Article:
Work Round 3 - 08/15/2012
Some minor setbacks and parts delays led us here. I inspected the lower dipstick tube and I just flat out didn't like it. There was something wrong about it. I decided not to chance it and just ordered another one from Ames for $20 rather than deal with it potentially being wrong. Glad I did!
Yeah, something doesn't look right, does it?
Now THAT is how it is supposed to look! Guides the tube through hole and allows the dipstick to take a proper reading. Not sure who cut down the original tube or what in the world they were thinking.
Test fitting to verify that the oil pump gasket and holes line up without issue. Offsets lead to reduced oil pressure and volume, which isn't good. And despite looking a little grimy, everything has been scraped for hours and wiped down with brake cleaner, so it's ready to install new seals (oil pan too).
Oil pump installed. Had to stick it in the freezer for half an hour and beat the pickup on with a hammer HARD. My hands are not happy with me as a result. It's definitely not coming out now! Melling M54DS from 2004 per the box (and made in the USA too it says). No dirt or debris was inside the pump, which made me happy.
Oil pan gasket is laid down and oil pan tightened down. It's a cork gasket rear pan, which isn't *great* but I've never had one leak yet and I've done several. Would have preferred a 5-tab one, but we take what we can get. A little dab of sealer on the middle and each end was used to hold it together. Not a fun job by yourself, but before ANYTHING was tightened down I verified that the cork gaskets were all where they needed to be and once tightened down nothing slipped around (thank you tacked up sealer!). Note the rear seal metal pieces are installed to assist with sealing. Those were added for the 1971 model year and for warranty repairs on cars before that. People don't know what they are for and either lose them or toss them. For $12 from Ames, it's cheap insurance to assist in any way possible to ensure the pan doesn't leak.
Timing cover is now ready to install! Engine is set at Top Dead Center (TDC) for reference when the balancer is installed to see how close it is to 0 on the timing tab. The balancer that came on this engine is almost brand new despite being dirty and ugly.
Block dowels are installed and used to verify the gasket fits and holds itself in place.
One of the few places I put a dab of sealer on. The cork gasket has a tendency to be a little too short here (as this one was) so a little extra help will ensure it doesn't leak at this joint.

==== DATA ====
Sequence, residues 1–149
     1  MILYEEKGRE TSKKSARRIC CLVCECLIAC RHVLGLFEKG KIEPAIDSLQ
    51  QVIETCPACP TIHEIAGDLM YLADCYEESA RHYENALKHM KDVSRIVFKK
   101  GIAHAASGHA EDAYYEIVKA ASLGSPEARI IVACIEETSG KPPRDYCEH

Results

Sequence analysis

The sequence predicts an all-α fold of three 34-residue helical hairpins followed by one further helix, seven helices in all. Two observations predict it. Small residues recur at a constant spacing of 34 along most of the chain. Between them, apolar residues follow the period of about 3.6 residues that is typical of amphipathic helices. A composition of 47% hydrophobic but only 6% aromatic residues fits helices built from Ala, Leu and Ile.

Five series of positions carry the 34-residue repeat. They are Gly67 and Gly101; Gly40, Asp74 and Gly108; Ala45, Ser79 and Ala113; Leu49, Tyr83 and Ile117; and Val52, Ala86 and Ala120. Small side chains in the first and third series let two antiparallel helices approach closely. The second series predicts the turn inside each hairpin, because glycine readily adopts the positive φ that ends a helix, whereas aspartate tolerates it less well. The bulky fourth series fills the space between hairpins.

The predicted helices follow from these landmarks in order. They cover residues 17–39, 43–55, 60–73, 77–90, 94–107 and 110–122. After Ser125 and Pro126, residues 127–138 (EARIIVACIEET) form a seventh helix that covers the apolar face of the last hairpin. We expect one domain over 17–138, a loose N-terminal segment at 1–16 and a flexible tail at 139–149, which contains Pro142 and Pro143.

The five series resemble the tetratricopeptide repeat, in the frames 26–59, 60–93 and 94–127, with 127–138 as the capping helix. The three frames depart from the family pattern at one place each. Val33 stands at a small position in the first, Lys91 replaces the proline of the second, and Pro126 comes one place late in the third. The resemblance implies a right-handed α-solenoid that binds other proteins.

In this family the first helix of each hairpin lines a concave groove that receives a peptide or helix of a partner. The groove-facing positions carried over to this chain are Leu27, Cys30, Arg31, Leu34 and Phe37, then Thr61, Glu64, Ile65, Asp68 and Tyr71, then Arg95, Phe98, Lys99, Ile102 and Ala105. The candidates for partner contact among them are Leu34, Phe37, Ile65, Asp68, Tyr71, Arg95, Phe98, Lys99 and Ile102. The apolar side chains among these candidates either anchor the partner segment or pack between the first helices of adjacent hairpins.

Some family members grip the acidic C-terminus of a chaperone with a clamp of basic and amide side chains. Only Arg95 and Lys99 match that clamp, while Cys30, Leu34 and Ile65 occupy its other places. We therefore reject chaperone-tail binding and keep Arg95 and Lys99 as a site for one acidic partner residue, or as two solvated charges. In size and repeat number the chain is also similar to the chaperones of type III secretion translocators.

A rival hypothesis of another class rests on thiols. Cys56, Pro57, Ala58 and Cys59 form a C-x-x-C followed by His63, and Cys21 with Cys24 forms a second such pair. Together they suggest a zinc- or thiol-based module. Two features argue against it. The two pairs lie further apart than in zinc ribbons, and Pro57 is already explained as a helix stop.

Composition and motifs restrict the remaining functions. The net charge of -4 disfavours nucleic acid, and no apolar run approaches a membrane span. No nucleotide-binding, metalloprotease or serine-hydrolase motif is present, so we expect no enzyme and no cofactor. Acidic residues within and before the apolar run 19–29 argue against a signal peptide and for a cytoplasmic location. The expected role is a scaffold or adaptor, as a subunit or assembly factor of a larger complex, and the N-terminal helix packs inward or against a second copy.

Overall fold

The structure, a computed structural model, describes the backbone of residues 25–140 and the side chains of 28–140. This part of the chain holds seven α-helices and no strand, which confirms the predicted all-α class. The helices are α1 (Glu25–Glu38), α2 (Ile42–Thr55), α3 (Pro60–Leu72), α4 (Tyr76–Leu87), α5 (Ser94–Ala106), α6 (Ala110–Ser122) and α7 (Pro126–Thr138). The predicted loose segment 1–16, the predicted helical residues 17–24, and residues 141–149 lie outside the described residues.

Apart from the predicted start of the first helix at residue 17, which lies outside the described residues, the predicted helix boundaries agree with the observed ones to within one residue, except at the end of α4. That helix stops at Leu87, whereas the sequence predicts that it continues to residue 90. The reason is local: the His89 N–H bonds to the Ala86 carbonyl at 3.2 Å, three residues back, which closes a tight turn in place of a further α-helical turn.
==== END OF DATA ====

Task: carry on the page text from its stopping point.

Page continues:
Timing cover goes on and the gaskets all line up. Liberal amounts of anti-seize are applied to each bolt threads and body. Two dis-similar metals will rust and fuse together over time, hence why I use anti-seize here to prevent that. Otherwise you get stuck bolts or snapped off bolt heads and THEN you've got a FUN mess to deal with. New harmonic balancer seal is installed. Some special person used a chisel to get the old one out at one time and left some nasty marks, but it still seals well with a new one installed.
Harmonic balancer is installed. I lube the balancer shaft itself in addition to the rubber seal to prevent damage or ruining the rubber. Because if that seal goes you sling oil out the front of the engine and have a mess! And yet another reason to check the oil after every drive. Note that the balancer is almost right at 0 degrees. It slipped a tiny bit when I tightened the bolt down (it isn't torqued yet), but it's really close to 0, which is a good sign.
Test fit of the valley pan with new bolts provided by b-man over at Performance Years. Valley pan in good shape, won't need any love taps to seal up. I'm leaving this on for the time being to keep dirt and junk out of the valley area, but it will be painted off of the engine.
The instructions for the rockers say to soak them in oil for 30 minutes to ensure everything is lubricated. I always follow instructions!
Progress! It's great! Last thing left to do is torque down the heads and assemble the valve train. My most nervous moment since getting rockers adjusted is not the thing I am best at. Oh well! Need to find some valve covers and get an intake so I can put it in the sun after a good liberal degreasing and then paint it all nice and shiny.
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Last updated August 15th, 2012